Since one of the big risk factors for diabetes-based End-Stage Renal Disease (ESRD) is hypertension, drugs used to lower blood pressure (antihypertensive drugs) can slow the progression of kidney disease significantly. One drug, an angiotensin-converting enzyme (ACE) inhibitor, has proven effective in preventing progression to stages IV and V.1 Calcium channel blockers, another class of antihypertensive drugs, also show promise.
Some, but not all, calcium channel blockers may be able to decrease proteinuria (loss of protein into the urine) and damage to kidney tissue. Researchers are investigating whether combinations of calcium channel blockers and ACE inhibitors might be more effective than either treatment used alone. Patients with even mild hypertension or persistent microalbuminuria (presence of albumin, a component of protein, in the urine) should consult a physician about the use of antihypertensive medicines.
A diet containing reduced amounts of protein may benefit people with kidney disease of diabetes. In people with diabetes, excessive consumption of protein may be harmful. Experts recommend that most patients with stage III or stage IV nephropathy consume moderate amounts of protein.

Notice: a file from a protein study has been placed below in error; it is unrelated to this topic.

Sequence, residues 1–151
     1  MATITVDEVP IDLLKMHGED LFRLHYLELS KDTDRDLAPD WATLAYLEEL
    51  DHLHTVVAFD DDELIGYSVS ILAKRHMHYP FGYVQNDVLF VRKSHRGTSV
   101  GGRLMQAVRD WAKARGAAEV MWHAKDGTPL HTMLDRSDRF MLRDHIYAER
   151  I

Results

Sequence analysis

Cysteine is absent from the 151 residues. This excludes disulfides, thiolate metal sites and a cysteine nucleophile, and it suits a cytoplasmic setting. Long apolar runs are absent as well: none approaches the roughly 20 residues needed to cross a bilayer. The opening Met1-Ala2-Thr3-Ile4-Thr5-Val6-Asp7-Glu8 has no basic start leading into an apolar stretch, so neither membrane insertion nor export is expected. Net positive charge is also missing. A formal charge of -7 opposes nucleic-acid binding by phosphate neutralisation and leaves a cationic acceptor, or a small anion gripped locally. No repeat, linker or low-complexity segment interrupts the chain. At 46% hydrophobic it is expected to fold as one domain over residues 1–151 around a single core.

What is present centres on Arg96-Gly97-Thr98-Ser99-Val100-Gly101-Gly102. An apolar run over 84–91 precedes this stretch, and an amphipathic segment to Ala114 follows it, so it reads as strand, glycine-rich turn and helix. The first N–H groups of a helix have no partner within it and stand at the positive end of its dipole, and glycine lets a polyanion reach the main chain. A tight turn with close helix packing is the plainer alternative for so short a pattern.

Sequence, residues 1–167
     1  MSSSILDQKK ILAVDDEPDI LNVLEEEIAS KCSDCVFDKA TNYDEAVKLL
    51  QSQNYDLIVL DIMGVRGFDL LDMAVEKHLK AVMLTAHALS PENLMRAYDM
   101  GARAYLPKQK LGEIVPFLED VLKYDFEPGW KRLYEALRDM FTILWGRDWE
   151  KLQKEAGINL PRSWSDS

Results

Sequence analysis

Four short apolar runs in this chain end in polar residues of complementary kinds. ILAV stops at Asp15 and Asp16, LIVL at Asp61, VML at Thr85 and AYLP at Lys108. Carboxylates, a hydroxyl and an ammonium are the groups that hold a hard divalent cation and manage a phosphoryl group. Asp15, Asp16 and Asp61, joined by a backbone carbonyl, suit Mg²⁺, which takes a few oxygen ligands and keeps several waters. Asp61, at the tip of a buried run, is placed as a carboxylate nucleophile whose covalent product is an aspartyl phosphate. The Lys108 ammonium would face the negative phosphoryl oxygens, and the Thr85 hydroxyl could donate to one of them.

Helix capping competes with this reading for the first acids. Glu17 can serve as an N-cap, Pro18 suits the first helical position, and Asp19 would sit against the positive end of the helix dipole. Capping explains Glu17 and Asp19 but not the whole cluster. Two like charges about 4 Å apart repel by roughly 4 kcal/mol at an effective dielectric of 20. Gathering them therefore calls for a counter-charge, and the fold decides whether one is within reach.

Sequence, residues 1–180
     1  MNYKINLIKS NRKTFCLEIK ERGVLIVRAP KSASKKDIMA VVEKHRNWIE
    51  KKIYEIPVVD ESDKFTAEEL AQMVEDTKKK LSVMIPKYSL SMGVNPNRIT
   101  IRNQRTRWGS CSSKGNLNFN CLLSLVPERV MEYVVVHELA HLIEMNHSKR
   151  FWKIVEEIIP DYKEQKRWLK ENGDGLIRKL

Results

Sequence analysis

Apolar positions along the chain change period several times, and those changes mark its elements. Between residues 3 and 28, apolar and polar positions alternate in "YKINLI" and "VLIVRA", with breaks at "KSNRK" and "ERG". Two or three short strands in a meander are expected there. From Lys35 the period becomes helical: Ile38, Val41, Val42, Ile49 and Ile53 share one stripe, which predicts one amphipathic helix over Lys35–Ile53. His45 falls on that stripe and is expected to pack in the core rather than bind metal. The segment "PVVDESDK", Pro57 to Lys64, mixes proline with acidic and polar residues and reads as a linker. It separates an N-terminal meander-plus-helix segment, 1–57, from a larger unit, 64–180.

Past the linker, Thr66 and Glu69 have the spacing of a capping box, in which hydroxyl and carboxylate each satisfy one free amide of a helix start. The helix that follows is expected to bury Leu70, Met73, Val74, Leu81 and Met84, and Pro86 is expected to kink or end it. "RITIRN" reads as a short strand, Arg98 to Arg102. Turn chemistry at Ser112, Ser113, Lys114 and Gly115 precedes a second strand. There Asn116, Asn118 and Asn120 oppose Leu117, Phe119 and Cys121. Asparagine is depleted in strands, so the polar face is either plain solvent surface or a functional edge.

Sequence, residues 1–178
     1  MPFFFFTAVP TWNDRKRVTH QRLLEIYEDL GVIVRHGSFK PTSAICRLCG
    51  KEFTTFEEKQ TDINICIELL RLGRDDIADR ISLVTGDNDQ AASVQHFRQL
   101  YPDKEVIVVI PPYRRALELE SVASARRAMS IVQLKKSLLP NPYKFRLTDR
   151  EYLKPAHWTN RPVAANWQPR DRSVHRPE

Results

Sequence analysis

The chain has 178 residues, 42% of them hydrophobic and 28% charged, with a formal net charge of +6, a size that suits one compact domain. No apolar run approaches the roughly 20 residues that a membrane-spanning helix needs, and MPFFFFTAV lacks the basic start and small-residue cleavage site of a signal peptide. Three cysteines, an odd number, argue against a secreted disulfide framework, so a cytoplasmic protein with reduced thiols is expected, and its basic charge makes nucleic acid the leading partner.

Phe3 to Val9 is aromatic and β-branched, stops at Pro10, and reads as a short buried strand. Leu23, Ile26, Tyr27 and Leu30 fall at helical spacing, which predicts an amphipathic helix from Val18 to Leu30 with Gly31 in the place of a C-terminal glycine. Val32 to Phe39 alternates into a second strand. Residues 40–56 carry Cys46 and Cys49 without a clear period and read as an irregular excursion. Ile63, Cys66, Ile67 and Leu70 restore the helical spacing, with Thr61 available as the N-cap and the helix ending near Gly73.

If you have diabetes:
- Have your doctor measure your glycohemoglobin regularly. The HbA1c test averages your level of blood sugar for the previous 1-3 months.
- Follow your doctor's advice regarding insulin injections, medicines, diet, exercise, and monitoring your blood sugar.
- Have your blood pressure checked several times a year. If blood pressure is high, follow your doctor's plan for keeping it near normal levels.
- Ask your doctor whether you might benefit from receiving an ACE inhibitor.
- Have your urine checked yearly for microalbumin and protein. If there is protein in your urine, have your blood checked for elevated amounts of waste products such as creatinine.
- Ask your doctor whether you should reduce the amount of protein in your diet.